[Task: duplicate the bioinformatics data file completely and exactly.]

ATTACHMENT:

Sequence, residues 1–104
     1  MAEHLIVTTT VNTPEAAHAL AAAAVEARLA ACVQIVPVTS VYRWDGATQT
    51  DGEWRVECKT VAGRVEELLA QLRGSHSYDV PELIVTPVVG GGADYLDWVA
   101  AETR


Sequence, residues 1–104
     1  MAEHLIVTTT VNTPEAAHAL AAAAVEARLA ACVQIVPVTS VYRWDGATQT
    51  DGEWRVECKT VAGRVEELLA QLRGSHSYDV PELIVTPVVG GGADYLDWVA
   101  AETR